bull9Older and wiser in the ways of cinema I can now recognise something of the street confessional, the raw virtue of early Pasolini which was an evident influence, channelled through the earlier pulses of the home countries Italian Neo-Realism. Bit Scorsese took this influential infrastructure and strained the character   through a specific  American lens  of the punishing dream, of pulling yourself up by your bootstraps and achieving victory at all costs, no matter the impact on your marriage or soul. To have as your main character a narcissist, misogynistic self hating abuser, a man so paranoid he accuses and beats his own brother was a tough sell as you never sympathise with LaMotta and his distressing antics, but De Niro keeps you glued to the screen through sheer force of personality and profundity. As Schrader frequently attests for him character is action, what they do marks who they are rather than relying on the techniques of long soliloquys or illuminating dialogue, and we are in the orbit of a thoroughly odious, yet curiously understandable ogre. Whilst the contemporary parallels are evident Raging Bull strums  deeper than surfaces, it has a wider breadth to suggest how we all fight, sometimes against ourselves and our own self destructive impulses and instincts, in the theatre or boxing ring of life. This being Marty we are treated to an expert entrance steadicam shot,  the fight scenes took ten weeks alone to shoot, two and a half months, improvisation utilised to keep the energy and tempo consistent through what was a gruelling experience.

bull3After the exhausting shoot was tapped out the post production schedule was almost as brutal, the sound mix alone took six months, Scorsese in perfectionist mode as he insisted on delicate completion of the Foley signalled rifle shots into melon to replicate the assault of flashbulbs and punches.  Seen now the thundering  editing in the fight scenes are intoxicating, in terms of sheer physicality these are among the greatest fight scenes committed to celluloid, dizzying, delirious and deadly. Crucially the camera stays in the ring with LaMotta during his dance with his opponents, a third character ducking and weaving through the melee, with special, almost expressionistic designed sets expanded beyond the realistic curtilage, giving every fight scene it’s own individual schemata that represents a different stage of LaMotta’s career as it closes in and fails. These were all specially designed and storyboarded in pre-production, Scorsese not opting for a traditional three line camera crew covering various angles, but instead resorting to one camera, perfectly choreographed like a dance movement with high speed interludes and expressionistic touches like the blood literally dripping from the encircling ropes.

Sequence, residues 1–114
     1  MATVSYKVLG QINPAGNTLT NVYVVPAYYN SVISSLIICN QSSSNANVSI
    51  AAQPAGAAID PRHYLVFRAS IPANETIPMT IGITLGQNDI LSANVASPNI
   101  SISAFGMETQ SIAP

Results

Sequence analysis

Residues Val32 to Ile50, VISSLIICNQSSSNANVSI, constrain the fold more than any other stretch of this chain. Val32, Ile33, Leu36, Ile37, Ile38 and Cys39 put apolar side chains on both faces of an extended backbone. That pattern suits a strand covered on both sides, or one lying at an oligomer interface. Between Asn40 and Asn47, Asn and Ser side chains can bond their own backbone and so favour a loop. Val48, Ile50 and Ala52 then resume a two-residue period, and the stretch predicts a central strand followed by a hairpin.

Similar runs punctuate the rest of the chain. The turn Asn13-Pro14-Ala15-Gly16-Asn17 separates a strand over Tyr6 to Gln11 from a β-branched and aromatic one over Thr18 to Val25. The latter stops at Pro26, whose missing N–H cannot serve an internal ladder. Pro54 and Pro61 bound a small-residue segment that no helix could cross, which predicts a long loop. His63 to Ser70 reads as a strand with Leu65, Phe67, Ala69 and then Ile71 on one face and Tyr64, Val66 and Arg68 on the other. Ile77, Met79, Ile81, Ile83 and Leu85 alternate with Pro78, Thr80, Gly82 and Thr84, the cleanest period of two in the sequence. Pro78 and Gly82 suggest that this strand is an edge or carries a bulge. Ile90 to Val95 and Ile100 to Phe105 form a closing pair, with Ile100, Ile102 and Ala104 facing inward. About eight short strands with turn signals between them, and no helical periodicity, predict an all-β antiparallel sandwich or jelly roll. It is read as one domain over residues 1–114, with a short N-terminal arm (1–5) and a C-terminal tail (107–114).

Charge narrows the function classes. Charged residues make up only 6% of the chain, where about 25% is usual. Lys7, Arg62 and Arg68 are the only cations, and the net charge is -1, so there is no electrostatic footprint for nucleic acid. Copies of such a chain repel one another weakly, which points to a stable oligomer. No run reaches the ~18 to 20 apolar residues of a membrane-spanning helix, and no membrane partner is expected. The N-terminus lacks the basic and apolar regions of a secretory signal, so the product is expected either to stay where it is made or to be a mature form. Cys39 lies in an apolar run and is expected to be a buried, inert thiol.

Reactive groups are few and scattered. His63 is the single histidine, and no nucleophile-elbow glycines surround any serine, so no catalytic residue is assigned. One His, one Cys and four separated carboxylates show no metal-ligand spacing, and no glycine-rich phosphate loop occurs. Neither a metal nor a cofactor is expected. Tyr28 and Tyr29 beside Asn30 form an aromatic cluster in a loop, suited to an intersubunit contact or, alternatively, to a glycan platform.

bull5At this stage in his career and psyche Scorsese assumed this would be his last film, and he’d retreat into teaching or academia after the films assumed failure, and I love how he termed it as  ‘kamikaze film-making’, hurling  everything into the picture and going for broke with nothing to lose. The results are there to see even as much as it simply still doesn’t connect with me, as much as I can fully admire the immense craft and dedication. It remains a text which you can’t deny  for the sheer sweat and passion, crucial to the bruised and battered body of work, even if it doesn’t still  engage on a personal level. Seeing it on the big screen at last revealed some of the films sheer technical prowess which leaves you shell shocked on a visual level, punch drunk and reeling from the sheer assault of sound, image and intensity, and that alone ensures its seminal status in the lexicon. Now, we all know how P.T. Anderson lifted the final monologue for that notorious final scene in Boogie Nights, which in turn traces a  lineage through Kazan’s On The Waterfront of challenging characters throughout American cinema, all human beings, wrecked and wracked with their own failures, struggling to be better men despite their own burdens;


Kubrick Remembered….

Some enterprisng soul has uploaded this from the recent Blu-Ray box set which has now dramatically dropped in price, 80 minutes and change of Stanley related reminiscence;


Gimme Danger (2016)

I’m a mere twenty minutes into this documentary about Iggy & The Stooges and have already learnt three valuable things – a) Iggy likes to be interviewed in the laundry room of his home, b) He was raised in a trailer that was identical  to that of the Doris Day picture The Long, Long Trailer and c) Iggy for president – he’s a fucking survivor. Jim Jarmusch has assembled this fantastic documentary, it is quite amusing to me to finally realise that the Stooges split four years before the Sex Pistols arrived, and I haven’t even got into the Berlin / Bowie era yet – so talk about being ahead of the curve;

EDIT – Having been raised by my brother on a diet of 1960’s musical imagination – The Doors, Who, Zepplin and of course the overrated behemoths of the Beatles & Stones I always knew there was a missing piece between the decades, beyond the understood mix of MC5, The Ramones and the Velvets, and I’m sure half a dozen other bands that Q magazine subscibers could lecturer me on. Great documentary, the equal of those great music history efforts that BBC 4 have been producing over the past few years…